My first was Revell's 1/72 F-117A Shadowhawk. It was 1990 and I was 12. This was a new release and I had just watched a documentary about this amazing "invisible" fighter, so I just had to have it.


I don't remember much about the build itself, parts fitting well or not. I do remember having to re-attach the bomb bay doors several times.

I painted every part on the sprue, because that was a tip from the Revell booklet in the box. It does make it easier to paint some parts like that, but in general you're best off painting in (sub-) assemblies. I just painted everything with one thick coat and put it together with sometimes generous amounts of glue. (Revell Contacta professional)

The downside of paint-first-assemble-later is that all the little details, like antennas and doors, are glued on top of the paint, which is far from an ideal bond and they do tend to drop off.


I didn't use primer, I didn't prepare the model by removing all possible oil or grime by washing it with detergent. One thick layer of brushed on (enamel) paint would never come loose.
I actually still have the paint bottle : Revell #9 Matt Anthracite. It cost 45 (belgian) franks in the day, which translates to € 1,01.

I don't think I've thrown ANYTHING away in those 20+ years.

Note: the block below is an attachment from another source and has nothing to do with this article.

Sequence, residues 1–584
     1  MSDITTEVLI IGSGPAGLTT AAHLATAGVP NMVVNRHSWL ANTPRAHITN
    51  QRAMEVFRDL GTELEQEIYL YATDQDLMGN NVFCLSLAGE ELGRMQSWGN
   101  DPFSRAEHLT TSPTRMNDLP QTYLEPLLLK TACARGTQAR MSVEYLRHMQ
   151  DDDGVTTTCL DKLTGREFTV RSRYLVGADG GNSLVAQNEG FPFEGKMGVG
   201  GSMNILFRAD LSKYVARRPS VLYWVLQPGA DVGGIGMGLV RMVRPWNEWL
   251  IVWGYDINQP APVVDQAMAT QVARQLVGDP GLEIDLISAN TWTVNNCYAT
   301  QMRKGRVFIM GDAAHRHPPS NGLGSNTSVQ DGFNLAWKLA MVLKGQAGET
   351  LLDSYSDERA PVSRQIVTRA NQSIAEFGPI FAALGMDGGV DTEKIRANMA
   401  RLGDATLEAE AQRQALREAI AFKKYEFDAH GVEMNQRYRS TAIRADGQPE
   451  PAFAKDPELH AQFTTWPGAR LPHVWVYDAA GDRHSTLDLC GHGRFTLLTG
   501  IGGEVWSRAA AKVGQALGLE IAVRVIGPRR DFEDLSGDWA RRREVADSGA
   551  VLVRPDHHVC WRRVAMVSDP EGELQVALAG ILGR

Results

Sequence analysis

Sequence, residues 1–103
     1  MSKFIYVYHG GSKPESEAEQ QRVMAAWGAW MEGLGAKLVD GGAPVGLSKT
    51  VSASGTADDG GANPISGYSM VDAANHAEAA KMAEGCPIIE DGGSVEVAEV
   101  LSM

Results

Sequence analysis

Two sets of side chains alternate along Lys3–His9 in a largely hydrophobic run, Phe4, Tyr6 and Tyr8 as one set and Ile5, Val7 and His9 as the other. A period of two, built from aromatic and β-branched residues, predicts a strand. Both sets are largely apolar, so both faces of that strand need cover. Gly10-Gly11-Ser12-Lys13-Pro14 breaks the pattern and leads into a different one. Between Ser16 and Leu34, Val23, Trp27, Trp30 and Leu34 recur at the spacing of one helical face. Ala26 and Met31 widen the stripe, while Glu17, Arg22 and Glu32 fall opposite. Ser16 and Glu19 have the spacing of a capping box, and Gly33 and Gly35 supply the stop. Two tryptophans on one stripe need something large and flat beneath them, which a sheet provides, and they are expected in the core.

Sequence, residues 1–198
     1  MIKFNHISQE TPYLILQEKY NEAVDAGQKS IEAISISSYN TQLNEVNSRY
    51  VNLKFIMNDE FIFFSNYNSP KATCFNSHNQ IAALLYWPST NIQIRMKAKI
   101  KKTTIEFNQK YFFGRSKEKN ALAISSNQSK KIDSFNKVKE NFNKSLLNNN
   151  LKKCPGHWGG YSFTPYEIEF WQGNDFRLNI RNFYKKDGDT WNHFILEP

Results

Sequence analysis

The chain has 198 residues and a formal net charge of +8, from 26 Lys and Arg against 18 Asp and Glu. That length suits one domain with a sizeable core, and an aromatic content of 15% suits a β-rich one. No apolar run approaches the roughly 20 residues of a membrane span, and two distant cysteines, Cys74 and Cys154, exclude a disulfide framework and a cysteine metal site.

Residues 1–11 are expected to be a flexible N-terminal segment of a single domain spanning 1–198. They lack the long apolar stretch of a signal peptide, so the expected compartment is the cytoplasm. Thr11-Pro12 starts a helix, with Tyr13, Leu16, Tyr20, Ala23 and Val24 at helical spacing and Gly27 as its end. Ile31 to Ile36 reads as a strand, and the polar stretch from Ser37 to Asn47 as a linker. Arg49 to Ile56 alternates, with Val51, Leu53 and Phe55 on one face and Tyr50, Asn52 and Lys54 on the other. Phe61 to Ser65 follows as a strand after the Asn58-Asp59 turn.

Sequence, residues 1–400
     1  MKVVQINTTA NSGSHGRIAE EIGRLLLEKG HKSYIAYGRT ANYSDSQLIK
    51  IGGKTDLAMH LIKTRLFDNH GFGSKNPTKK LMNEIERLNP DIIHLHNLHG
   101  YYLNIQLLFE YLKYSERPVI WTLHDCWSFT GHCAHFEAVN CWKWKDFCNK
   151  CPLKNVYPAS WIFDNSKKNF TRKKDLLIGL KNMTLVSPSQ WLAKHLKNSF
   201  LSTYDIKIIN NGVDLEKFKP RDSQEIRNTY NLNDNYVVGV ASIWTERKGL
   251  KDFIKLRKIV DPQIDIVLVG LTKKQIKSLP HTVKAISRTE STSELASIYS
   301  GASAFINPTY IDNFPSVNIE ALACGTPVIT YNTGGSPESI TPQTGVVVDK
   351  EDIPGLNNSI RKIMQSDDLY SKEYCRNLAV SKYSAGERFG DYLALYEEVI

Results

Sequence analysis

I did nothing special to the decals in the days. Now I would varnish a model with a gloss coat, place decals with microsol and microset, then seal them in with another coat of varnish.
Back then, the model was finished when the last decal was placed. They have silvered over time, but my old models have survived multiple decades surprisingly well.


When I restarted the hobby last year, I unboxed all my old models and took new pictures. So, yes, I have pictures of my very first model.

Related posts

Participating in the topics of the Sprue Cutters Union means sharing links to the other's posts. Pay them a visit and check out their other stories.

Want to join the Sprue Cutters Union? Its simple. If you model and have a blog that is all you need to start. Just write a post in response to the weekly topic, copy the link in the comments section for that week's assignment and you're in! Check out more detail about joining the Sprue Cutters Union.

Monday, 22 July 2013

Like my button?

I've added a little "Like"-button beneath every post. It's not connected with Facebook whatsoever, so don't be afraid to click it. It's a complete standalone thingie. It's a little slow while loading, so sometimes it doesn't appear the first few seconds.

Right now, it's still an experiment, so feel free to give it a decent clicking, so I can gather and review the resulting statistics.

Saturday, 20 July 2013

Primer success

After my sudden revelation with the airbrush's airleak, I decided to push my luck and start priming the saucer of the Enterprise-C.

The airbrush behaved nicely and I only experienced a few moments of tip-dry every few minutes. I was able to prime the entire saucer's underside. 
Because this new-found problem and solution invalidates everything I tried in the past in regards to paint-consistency, I tried again with spraying primer straight from the bottle.